Boost your eligibility for Centrelink benefits
01 September 2020
By simply tweaking your super you may become entitled to some hefty Centrelink benefits that will help to stretch your disposable income a bit further, this becomes even more beneficial when investment markets are heading south and your income payments reduce accordingly
In times of economic downturn, like the health and economic impact COVID-19 has had, not only in Australia, but worldwide, self-funded retirees are the one group that experiences the overwhelming impact a market downturn has on their disposable income. You know, it’s never too late to consider all your options in order to make sure you are maximising your options when it comes to your retirement cash flow.
Centrelink plus super
One option, that can save a considerable amount of household expenditure every year, is your eligibility to access the Centrelink Aged Pension. Even if you only get $1 of age pension, you will be entitled to a pensioner concession card and all the benefits and discounts that come with it, such as concessional rates for prescription medicines listed on the Pharmaceutical Benefits Scheme as well as state and territory-based concessions on services such as travel, council rates and utilities. And, if you're already getting a Centrelink Age Pension, it's timely to make sure you are getting as much as you're entitled to receive.
The eligibility age for the Centrelink Age Pension for the 2019/20 year is 66 years.¹
However, by 20203 the age will increase to 67. Currently, the maximum fortnightly age pension including supplements, for 2019/20 is $944.30 ² for a single retiree and $711.80 for a couple, but these amounts are revised every six months in March and September. ³ An income and assets test will be used to work out how much you actually receive.
Let’s take a look at Bob and Julies situation
Bob who is 66 years of age is about to qualify and apply for the age pension, Julie, his wife, is aged 64. Julie gets a Centrelink Disability pension of around $63 per fortnight.
They have modest assets:
Home contents $10k/ Cars $10k/ Bank accounts $30k/ Shares $7k
Bob’s existing BUSSQ Income account has a balance of $535,000 and he draws $20,000 per year, Julie has a Transition to Retirement account with a balance of $235,000 and she draws $9,000 per year. After combining all three incomes they receive a total of around $30,600.
As they need about $45,000 per year to live on, their annual income is short by $15,000 per year and they take occasional lump sums from their Income accounts to meet this shortfall.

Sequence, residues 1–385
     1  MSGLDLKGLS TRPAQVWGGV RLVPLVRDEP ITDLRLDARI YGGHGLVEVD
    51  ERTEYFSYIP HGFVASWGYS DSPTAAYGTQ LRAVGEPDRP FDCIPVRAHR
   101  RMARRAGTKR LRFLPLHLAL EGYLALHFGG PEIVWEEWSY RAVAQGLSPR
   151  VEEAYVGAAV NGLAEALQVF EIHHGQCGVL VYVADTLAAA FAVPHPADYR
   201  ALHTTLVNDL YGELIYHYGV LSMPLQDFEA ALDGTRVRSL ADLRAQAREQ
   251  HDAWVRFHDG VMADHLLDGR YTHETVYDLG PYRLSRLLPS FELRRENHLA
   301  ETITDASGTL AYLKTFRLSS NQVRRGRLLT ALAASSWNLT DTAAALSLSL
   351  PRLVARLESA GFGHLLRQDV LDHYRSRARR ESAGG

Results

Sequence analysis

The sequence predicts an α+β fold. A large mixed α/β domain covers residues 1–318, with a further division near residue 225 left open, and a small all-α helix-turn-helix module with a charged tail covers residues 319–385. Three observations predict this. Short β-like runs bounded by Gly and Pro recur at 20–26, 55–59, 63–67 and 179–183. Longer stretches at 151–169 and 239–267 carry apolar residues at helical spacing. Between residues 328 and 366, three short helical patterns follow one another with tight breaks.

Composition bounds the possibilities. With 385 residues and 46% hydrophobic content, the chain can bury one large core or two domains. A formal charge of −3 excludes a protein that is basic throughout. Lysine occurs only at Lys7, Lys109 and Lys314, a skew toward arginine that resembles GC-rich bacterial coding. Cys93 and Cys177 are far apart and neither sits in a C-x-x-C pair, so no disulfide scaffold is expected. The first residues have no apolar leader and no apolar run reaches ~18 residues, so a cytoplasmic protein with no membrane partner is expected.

With the help of their Skylight Financial Solutions specialist, their retirement income strategy was to stop Julies Transition to Retirement payment and move her income account back to super, as it will stop it being counted by Centrelink as an asset.
In addition, Bob takes a lump sum out of his Income account, tax free as he is over age 60, and it is deposited into Julie’s superannuation account. As she is under the pension age, Centrelink does not count this amount as an asset, or assess it for income purposes. This strategy will reduce what Centrelink count overall, and therefore increase what they receive in Age and Disability Support Pensions.
Doing this has meant that their new fortnightly Centrelink pension payment is $693 each, or combined, about $36,000 per year. Add to this regular monthly income payments of $750 each month from Bob’s Income account, they now meet their $45,000 expenses. But instead of mostly self-funding their retirement costs, with a little strategic planning they are covering the majority of it with a Centrelink Pension each.
When determining whether you are eligible to receive a government pension, Centrelink applies income and asset tests.
Your assets include cash, super, investment properties, loans to family members, cars, household contents, lifestyle assets such as boats or caravans and assets held in private companies or trusts. Typically, the family home is not included in the list as long as it is no more than 2 hectares of land. Special rules apply for rural properties.
Your income includes money from employment, superannuation income and/or annuities and investments. It also includes money from outside Australia.
All government pensions are income and assets tested which means they test how much:
- You earn from your investments such as super, income account, bank accounts, shares, annuities, rental income – the income test, and
- Your assets are worth – the assets test
The test that results in the lower pension rate will be the one that is applied. The Department of Social Services (DSS) regularly reviews and updates the income and assets test limits to work out how much Age Pension you can get. When this happens, your regular payments change. For more information on the Age Pension and Income and Asset Tests, go to https://www.servicesaustralia.gov.au/individuals/services/centrelink/age-pension
To make the most of your income payments and to see how you can become eligible for the Centrelink Age Pension, call Skylight Financial Solutions on 1800 Skylight – 1800 759 544 and ask to speak to a Skylight specialist who will be able to provide you with all the information you need as well as determine what you need to do, if anything, to become eligible.
Want to find out more?
To get some sound personal advice about your eligibility to access Centrelink benefits, talk to a Skylight Financial Solutions specialist. They can assess your personal situation and put you on the right track. Call Skylight on 1800 SKYLIGHT. 1800 759 544 to book an appointment. The first appointment is obligation and cost free.
² As at 24 July 2020. Source: https://www.servicesaustralia.gov.au/individuals/services/centrelink/age-pension/how-much-you-can-get